Iron deficiency was defined as transferrin saturation of less than 10%.
In each box and whisker plot, the lower and upper edges of the box indicate
the 25th and 75th percentiles; the horizontal line inside the box indicates
the median; and the whiskers indicate either the minimum and maximum values
or a distance of 1.5 × the interquartile range from the edge of the
box (whichever distance is smaller). The circles beyond the whiskers indicate
extreme values for each marker (outliers). P = .001
for reticulocyte hemoglobin content, hemoglobin, mean corpuscular volume,
red blood cell distribution width, and mean corpuscular hemoglobin; P = .005 for zinc protoporphyrin; and P = .02 for ferritin.
Ullrich C, Wu A, Armsby C, Rieber S, Wingerter S, Brugnara C, Shapiro D, Bernstein H. Screening Healthy Infants for Iron Deficiency Using Reticulocyte Hemoglobin
Content. JAMA. 2005;294(8):924-930. doi:10.1001/jama.294.8.924
Author Affiliations: Departments of Medicine
(Drs Ullrich, Wu, Armsby, Wingerter, and Bernstein, and Ms Rieber), Anesthesia
(Dr Armsby), Infectious Disease and Emergency Medicine (Dr Wingerter), and
Laboratory Medicine and Pathology (Dr Brugnara), Children’s Hospital
Boston; and Department of Pediatric Oncology, Dana Farber Cancer Institute
(Dr Ullrich), Harvard Medical School, Boston, Mass; Department of Pediatrics,
Yale University School of Medicine, New Haven, Conn (Dr Wu); and Department
of Biostatistics, Harvard School of Public Health, Boston, Mass (Dr Shapiro).
Context Current clinical practice relies on hemoglobin to detect iron deficiency,
which misses infants not yet anemic and places them at higher risk for neurocognitive
impairment. Reticulocyte hemoglobin content (CHr) has never been compared
with hemoglobin for screening healthy infants.
Objectives To evaluate CHr for detecting iron deficiency without anemia in healthy
9- to 12-month-old infants and to compare CHr with hemoglobin in screening
for iron deficiency in this population. A secondary objective was to explore
the association between CHr and subsequent development of anemia.
Design, Setting, and Patients A prospective observational cohort study of 202 healthy 9- to 12-month-old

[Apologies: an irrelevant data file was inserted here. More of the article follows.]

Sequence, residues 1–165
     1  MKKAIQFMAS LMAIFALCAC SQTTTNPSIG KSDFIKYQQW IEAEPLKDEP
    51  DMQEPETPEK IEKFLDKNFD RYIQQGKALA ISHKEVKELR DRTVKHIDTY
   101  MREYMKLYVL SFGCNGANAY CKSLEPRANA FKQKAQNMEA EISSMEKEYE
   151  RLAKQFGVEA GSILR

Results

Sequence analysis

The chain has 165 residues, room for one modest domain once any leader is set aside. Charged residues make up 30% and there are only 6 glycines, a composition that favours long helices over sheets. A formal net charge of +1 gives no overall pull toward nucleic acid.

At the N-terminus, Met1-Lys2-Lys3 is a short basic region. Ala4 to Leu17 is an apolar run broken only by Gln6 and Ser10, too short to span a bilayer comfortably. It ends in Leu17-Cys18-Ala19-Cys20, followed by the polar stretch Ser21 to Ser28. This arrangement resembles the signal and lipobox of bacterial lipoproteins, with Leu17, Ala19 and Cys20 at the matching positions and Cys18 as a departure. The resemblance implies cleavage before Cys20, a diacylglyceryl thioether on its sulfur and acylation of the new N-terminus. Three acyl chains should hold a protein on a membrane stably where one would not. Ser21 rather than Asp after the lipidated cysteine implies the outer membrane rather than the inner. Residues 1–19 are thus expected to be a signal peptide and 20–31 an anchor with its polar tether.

infants from an urban, hospital-based, primary care clinic in Boston, Mass,
who were screened for iron deficiency between June 2000 and April 2003, and
followed up for a median of 5.6 months.
Main Outcome Measures Iron deficiency (transferrin saturation <10%) and anemia (hemoglobin
Results Of 202 infants enrolled, 23 (11.4%) had iron deficiency and 6 (3%) had
iron deficiency and anemia. Iron-deficient and non–iron-deficient infants
had significantly different values for all measured hematological and biochemical
markers for iron deficiency. Optimal CHr cutoff for detecting iron deficiency
was 27.5 pg (sensitivity, 83% and specificity, 72%); a hemoglobin level of
less than 11 g/dL resulted in a sensitivity of 26% and a specificity of 95%.
Reticulocyte hemoglobin content was more accurate overall than hemoglobin
was for detecting iron deficiency (area under the receiver operating characteristic
curve, 0.85 vs 0.73; P = .007). A CHr of
less than 27.5 pg without anemia at initial screening was associated with
subsequent anemia when screened again in the second year of life (risk ratio,
9.1; 95% confidence interval, 1.04-78.9; P = .01).
Conclusions A CHr of less than 27.5 pg is a more accurate hematological indicator
of iron deficiency compared with hemoglobin of less than 11 g/dL in these
healthy 9- to 12-month-old infants. Further studies are warranted to determine
whether CHr should be the preferred screening tool in the early detection
of iron deficiency in infants.
Iron deficiency is the most common nutritional deficiency in the world.1 Insufficient dietary iron, variable absorption, and
rapid growth put infants at particular risk for this problem. The relationship
between iron-deficiency anemia in infants and the impairment of mental and
motor development occurring at this stage has been demonstrated in the past.2 Iron deficiency without anemia is also associated
with adverse effects on neurocognitive development,3- 6 and
evidence that these effects may be permanent is mounting.2,7- 11 For
example, children who had chronic iron deficiency in infancy had poorer mental
and motor functioning when compared with their non–iron-deficient counterparts
more than 10 years later.8 Detection and treatment
of iron deficiency, before it progresses to anemia, may be crucial in the
prevention of neurocognitive impairments. However, the lack of a simple and
reliable screening tool to detect this condition has in part made iron deficiency
difficult to eradicate.
Iron deficiency is usually diagnosed using biochemical parameters (eg,
serum iron, ferritin, and transferrin saturation).12- 16 However,
transferrin saturation and other biochemical tests are impractical for screening
in the ambulatory setting due to biological variability, such as diurnal variation,
fluctuation with dietary intake, and as acute phase reactants, alteration
in inflammatory states. In addition, they are expensive and frequently not